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November 26, 2011

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Employers show early to woo graduates

GRADUATE recruitment has begun early this year, as employers seek to steal a march on rivals amid fierce competition to attract professionals.

Buoyed by economic recovery, employers have sped up hiring and sent out job offers earlier to avoid losing ideal candidates to competitors.

Despite the "early bird" strategy, some are still struggling to recruit preferred candidates, as many students have several offers to choose from.

A Shanghai Mitsubishi Elevator Co Ltd human resource delegate who tried to hire at Shanghai Jiao Tong University's job fair yesterday said about 50 percent of students have rejected job offers provided by the firm, while only 10 percent candidates did so in the past.

A similar pattern was reported at universities across the city.

The increase in job opportunities is mainly down to state-owned enterprises and private firms, as Europe's debt crisis has seen some multinational firms have reduced numbers of openings, according to officials.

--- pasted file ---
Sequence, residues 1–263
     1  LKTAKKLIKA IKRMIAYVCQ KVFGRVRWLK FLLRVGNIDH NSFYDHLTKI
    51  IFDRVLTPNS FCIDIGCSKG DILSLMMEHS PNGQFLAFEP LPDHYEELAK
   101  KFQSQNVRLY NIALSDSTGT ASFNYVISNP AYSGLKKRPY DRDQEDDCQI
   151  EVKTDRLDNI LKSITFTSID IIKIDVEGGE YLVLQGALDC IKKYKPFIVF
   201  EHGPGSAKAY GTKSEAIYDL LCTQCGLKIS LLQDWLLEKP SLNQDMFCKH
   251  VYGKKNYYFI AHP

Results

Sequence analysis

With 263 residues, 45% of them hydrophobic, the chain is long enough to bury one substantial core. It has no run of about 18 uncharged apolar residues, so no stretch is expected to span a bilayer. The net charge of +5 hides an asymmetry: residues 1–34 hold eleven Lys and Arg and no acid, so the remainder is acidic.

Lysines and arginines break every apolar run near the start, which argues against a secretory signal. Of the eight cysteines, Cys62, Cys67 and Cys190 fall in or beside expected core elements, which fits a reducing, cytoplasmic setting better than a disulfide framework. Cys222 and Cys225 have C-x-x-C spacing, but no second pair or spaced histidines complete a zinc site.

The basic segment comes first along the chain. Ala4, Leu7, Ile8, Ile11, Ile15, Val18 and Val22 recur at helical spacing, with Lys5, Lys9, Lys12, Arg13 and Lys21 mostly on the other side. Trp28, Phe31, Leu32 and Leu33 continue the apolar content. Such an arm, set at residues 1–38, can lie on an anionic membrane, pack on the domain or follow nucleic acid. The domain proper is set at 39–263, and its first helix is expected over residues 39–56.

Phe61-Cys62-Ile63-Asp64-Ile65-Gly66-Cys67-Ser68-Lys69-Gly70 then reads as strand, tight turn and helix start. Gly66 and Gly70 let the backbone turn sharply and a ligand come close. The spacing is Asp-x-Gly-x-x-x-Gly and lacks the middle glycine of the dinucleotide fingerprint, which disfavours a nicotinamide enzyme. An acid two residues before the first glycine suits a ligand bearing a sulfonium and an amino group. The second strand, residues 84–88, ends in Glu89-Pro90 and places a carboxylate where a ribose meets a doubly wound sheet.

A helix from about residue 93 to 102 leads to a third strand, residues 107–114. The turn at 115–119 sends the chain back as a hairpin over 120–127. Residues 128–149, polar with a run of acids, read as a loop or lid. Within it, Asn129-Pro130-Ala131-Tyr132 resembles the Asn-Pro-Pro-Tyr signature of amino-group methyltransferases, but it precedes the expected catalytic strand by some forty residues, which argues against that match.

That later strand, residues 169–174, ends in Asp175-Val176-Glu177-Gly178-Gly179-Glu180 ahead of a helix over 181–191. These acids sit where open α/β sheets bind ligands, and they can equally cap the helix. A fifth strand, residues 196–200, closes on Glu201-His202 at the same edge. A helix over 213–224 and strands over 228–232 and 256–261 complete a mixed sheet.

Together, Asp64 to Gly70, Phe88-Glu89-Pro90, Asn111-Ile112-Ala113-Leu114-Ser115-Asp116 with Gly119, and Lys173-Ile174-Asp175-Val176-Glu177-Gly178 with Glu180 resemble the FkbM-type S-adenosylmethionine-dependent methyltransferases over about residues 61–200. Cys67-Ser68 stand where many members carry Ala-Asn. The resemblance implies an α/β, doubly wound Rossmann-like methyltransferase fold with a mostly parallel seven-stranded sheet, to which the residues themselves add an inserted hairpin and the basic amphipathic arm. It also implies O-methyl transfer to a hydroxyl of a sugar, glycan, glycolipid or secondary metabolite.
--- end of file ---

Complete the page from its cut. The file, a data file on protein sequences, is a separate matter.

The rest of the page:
"With the development of SOEs, many foreign firms are losing their appeal among students now," said Chen Haoming, a Fudan University official in charge of student employment.

While a few years ago, salaries provided by some multinationals were double those of domestic firms, the gap has shrunk a lot, said Chen.

Many private firms are offering high salaries to attract young professionals, with some postgraduates being offered 200,000 yuan (US$31,332) a year by private companies.

Shanghai Jiao Tong University has received recruitment requirements from more than 2,000 companies.

It launched its annual job fair in Minhang District yesterday, nearly two weeks earlier than usual, as companies clamor to get the best recruits.

Colleges have had to turn away employers wishing to attend job fairs, in contrast to 2008 and 2009, when they had to beg companies to take part.

Nearly 300 firms will attend the Fudan University's recruitment fair on December 2 - a 10 percent increase on last year. Others had to be turned away due to space constraints.


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